by: Lyle Luzum, president,
Oneota Community Co-op Coard of Directors
In previous articles in the “Scoop” I discussed the W. K. Kellogg Foundation’s definition of “Good Food”: food that is Fair (does not depend on exploitation of people), Green (does not depend on exploitation and degradation of the environment), Healthy (encourages health, not chronic illness or obesity) and Affordable (available to all, not just the rich).
The concept of Fair Trade works to assure that food certified as Fair Trade results in fair return for those who work to produce it. We have typically thought about this in relation to coffee, chocolate, bananas, and other foods produced in Third World countries yet this concept is equally valid for domestically produced food. Why should we demand that our food be so cheap that farmers have to lose money in order to feed us? Or, why should we accept that small, local farmers be driven out of business because only mammoth, industrial-scale producers can produce our food for the price we have come to expect?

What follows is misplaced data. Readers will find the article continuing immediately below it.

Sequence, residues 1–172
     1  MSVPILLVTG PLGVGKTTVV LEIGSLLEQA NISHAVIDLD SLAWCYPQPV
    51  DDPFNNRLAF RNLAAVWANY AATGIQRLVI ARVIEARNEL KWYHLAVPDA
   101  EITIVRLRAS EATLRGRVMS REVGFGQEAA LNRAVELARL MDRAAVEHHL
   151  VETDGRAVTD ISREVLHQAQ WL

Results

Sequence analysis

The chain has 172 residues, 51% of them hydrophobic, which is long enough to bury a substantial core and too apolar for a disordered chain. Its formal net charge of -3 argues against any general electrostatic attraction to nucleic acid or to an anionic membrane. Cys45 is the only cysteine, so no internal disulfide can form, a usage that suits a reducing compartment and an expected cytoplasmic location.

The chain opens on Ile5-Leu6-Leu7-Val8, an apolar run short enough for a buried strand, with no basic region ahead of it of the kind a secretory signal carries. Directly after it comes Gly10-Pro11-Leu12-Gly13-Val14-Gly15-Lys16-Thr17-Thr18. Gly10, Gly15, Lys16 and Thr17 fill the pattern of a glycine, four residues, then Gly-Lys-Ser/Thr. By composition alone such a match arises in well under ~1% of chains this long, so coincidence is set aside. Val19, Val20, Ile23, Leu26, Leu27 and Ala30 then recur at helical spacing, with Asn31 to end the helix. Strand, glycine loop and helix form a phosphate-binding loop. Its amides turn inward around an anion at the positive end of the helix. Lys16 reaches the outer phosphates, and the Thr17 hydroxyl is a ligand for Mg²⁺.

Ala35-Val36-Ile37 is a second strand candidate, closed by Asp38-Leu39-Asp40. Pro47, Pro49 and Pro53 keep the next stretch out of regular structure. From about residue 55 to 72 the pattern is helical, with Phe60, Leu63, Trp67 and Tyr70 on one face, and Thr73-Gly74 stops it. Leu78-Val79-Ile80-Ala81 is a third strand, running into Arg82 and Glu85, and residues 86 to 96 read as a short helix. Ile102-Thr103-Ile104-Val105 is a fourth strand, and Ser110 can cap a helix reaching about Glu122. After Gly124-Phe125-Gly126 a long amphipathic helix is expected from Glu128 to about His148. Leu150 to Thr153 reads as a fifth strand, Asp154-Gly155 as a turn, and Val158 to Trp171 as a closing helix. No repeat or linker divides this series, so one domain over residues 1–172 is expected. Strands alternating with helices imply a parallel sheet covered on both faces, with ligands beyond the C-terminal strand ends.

In Third World countries, when many small, local farmers are driven out of business by a few large enterprises, communities die. Around the world, local farmers are the foundation of communities. It is no different in the US. We, in rural America, have seen the same devastating effect on our communities as farms have gotten big and farmers few.
That is why the efforts of the Northeast Iowa Food & Farm Coalition (NIFF) are so important to us in NE Iowa. As the “food” component of our Food & Fitness Initiative, NIFF is striving to re-create a local and regional food system that offers opportunities for producers and processors to provide local food and for consumers the opportunity to buy local food. You can’t have one without the other and together they can keep local economies vibrant.
So, this is basically Local Fair Trade. If our neighbors are going to produce food for us, we should not expect that they lose money doing it. If they can’t support their families doing so, it cannot happen. As small, local farmers disappear, so does the reason for existence for most of our rural communities. By supporting their efforts with a fair return, they produce, we eat, and our money circulates within our economy.
Oneota Community Food Co-op has long been a prime outlet for local producers and currently count nearly 80 producers among its suppliers. Good Food is Fair to producers. Join us at the Co-op and support Local Fair Trade.